Saturday, February 8, 2020

"Skeleton Crew" at Yellow Tree Theatre, a co-production with New Dawn Theatre

What better time than Black History Month for Yellow Tree Theatre to partner with New Dawn Theatre to present their first play (to my knowledge) with a black cast, director, and playwright? Looking around the suburban Osseo theater, I didn't see many people of color, but prolific and talented playwright Dominique Morisseau's Skeleton Crew, while being a specific story of the African American experience, is also a universal story of people struggling to survive and thrive in America. And if there's anything I've learned from Penumbra Theatre, it's that the African American experience is an important part of the American experience, and African American stories are stories that we all need to hear to better understand the world that we live in (see also Penumbra's The White Card). The fantastic four-person cast, along with the director and design team, beautifully bring this story to life.

Penumbra has produced several of Morisseau's work recently, including Detroit '67, which, along with Skeleton Crew, is part of  the cycle of plays she's written about her hometown called The Detroit Project (we just need someone to produce Paradise Blue to complete the trilogy). Detroit '67 explores the devastating riot of that year through music, while Skeleton Crew is a more modern story about the closing of auto plants in Detroit during the recent recession. The playbill has some interesting and relevant information about the Great Migration, in which millions of African Americans left the South for jobs in the North in the last century, specifically for jobs in Detroit's auto industry, meaning that the decline of those industries in this century hit the African American community in Detroit particularly hard. As director Austene Van puts it in a note in the playbill, this play "puts living, breathing flesh on the dry, bare bones of catastrophic statistics that reveal the devastating loss of employment and livelihood for far too many African Americans working in the auto industry."

line workers gather in the break room (Jamecia Bennett,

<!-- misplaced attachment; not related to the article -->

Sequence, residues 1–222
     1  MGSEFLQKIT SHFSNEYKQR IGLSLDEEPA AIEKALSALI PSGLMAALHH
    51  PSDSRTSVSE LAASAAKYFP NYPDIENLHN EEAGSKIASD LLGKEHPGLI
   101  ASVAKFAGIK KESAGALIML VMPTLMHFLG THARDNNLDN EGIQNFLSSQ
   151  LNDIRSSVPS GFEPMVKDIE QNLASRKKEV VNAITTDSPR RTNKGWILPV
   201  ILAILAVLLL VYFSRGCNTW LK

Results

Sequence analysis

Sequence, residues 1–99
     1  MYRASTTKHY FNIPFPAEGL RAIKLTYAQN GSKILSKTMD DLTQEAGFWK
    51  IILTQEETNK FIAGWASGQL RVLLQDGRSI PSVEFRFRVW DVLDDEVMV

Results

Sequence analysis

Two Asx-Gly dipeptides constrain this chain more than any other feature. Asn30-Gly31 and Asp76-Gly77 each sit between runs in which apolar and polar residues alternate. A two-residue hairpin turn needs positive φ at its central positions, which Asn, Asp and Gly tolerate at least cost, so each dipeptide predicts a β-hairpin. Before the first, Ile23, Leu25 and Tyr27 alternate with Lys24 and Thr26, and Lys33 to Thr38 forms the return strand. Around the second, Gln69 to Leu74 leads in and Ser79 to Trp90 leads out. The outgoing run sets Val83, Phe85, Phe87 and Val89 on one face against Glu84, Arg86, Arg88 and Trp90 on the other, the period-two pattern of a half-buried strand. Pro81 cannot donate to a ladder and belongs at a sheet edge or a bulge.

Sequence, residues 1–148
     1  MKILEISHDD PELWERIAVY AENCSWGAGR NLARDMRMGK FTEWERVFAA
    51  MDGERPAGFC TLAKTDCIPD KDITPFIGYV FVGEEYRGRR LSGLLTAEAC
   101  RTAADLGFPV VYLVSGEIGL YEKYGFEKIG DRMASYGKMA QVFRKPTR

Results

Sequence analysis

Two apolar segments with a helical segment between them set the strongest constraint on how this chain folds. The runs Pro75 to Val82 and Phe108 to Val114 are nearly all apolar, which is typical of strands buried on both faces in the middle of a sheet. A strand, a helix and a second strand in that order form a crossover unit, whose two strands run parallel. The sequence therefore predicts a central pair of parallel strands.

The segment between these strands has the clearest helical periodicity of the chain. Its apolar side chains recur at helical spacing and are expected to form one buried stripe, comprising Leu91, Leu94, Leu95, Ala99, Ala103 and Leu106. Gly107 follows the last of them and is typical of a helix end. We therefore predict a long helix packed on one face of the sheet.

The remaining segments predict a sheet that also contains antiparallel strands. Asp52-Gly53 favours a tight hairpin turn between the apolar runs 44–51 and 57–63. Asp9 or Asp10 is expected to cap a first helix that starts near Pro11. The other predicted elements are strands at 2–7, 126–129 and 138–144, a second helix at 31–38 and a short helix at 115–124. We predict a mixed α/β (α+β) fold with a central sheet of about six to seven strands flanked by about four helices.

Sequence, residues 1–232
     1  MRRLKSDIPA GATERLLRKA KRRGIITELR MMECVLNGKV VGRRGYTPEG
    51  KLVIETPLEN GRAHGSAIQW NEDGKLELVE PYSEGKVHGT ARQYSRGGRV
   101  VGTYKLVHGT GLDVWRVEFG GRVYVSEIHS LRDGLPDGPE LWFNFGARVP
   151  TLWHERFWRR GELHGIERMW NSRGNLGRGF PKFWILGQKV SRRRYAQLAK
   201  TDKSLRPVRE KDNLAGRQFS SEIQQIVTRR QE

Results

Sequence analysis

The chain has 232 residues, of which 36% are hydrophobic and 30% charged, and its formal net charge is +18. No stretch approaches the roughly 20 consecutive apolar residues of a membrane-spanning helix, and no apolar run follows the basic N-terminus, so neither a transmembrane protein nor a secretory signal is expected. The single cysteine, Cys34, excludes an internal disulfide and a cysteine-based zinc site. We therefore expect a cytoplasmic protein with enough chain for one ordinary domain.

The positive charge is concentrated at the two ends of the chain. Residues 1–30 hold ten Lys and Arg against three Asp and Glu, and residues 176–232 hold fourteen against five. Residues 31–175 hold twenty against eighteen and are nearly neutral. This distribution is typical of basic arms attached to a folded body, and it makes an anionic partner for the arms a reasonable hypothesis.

Mikell Sapp, and Nadége Matteis, photo by Justin Cox)
The complex, real, and very human characters through which we experience this crisis are co-workers at an auto stamping plant that's in danger of closing. Faye is the veteran, approaching her 30th anniversary, having started at the plant when she was a young pregnant single mother. She acts as a mother hen to Shanita, also a young pregnant single mother, and the flirtatious and fun-loving Dez. Faye is also a sort of surrogate mother to supervisor Reggie, who lost his own mother, Faye's girlfriend. When Reggie learns of the plant closing, he isn't supposed to tell the workers but confides in Faye, and of course the others find out about it. The impending unemployment is a threat to everyone in the group: Reggie just bought a house for his family, Dez is working to save up enough money to open his own garage, Shanita is a talented worker who was looking forward to a long and successful career in the industry, and Faye is being forced into an early retirement she can't afford. There's nothing they can do to stop the plant closing, but they try to take care of themselves and each other in any way they can.

tensions arise between supervisor Reggie (Darius Dotch) and
line worker Dez (Mikell Sapp, photo by Justin Cox)
New Dawn's Artistic Director Austene Van directs her second play at Yellow Tree (after The Royale two years ago), leading a strong four-person cast composed of three familiar faces and one new. New Dawn company member Jamecia Bennett proves she's as powerhouse of an actor as she is a singer, with a gut-wrenching and raw performance as Faye. Nadége Matteis is making her #TCTheater debut as the sweet and strong Shanita. Mikell Sapp is charismatic as Dez, while also showing his darker side. Darius Dotch, who previously appeared in two of Morisseau's plays with Penumbra, brings out all of the tortured humanity of Reggie, torn between his responsibilities at the plant, a job he needs to take care of his family, and his friendship with his employees.

The entire play takes place in the factory break room, well represented by Nicole DelPizzo's scenic design of industrial gray, complete with lockers, a bulletin board littered with signs, and even a working coffee pot. Scene changes are made more interesting by the use of music and repeated sounds, and lighting effects which turn windows and doors into boxes in which we see the robotic dance-like movements on the line. Characters are dressed in traditional working clothes - jeans, t-shirts, sweatshirts, with supervisor Reggie sporting an array of ties and sweater vests. (Sound design by Jeff Bailey, lighting design by Courtney Schmitz, costume design by Samantha Fromm Haddow.)

Head on up to Osseo this Black History Month to see this compelling and common story of working class people living through changes in our economy that threaten their way of life.

1 comment:

Unknown said...

Thank you for a glowing review!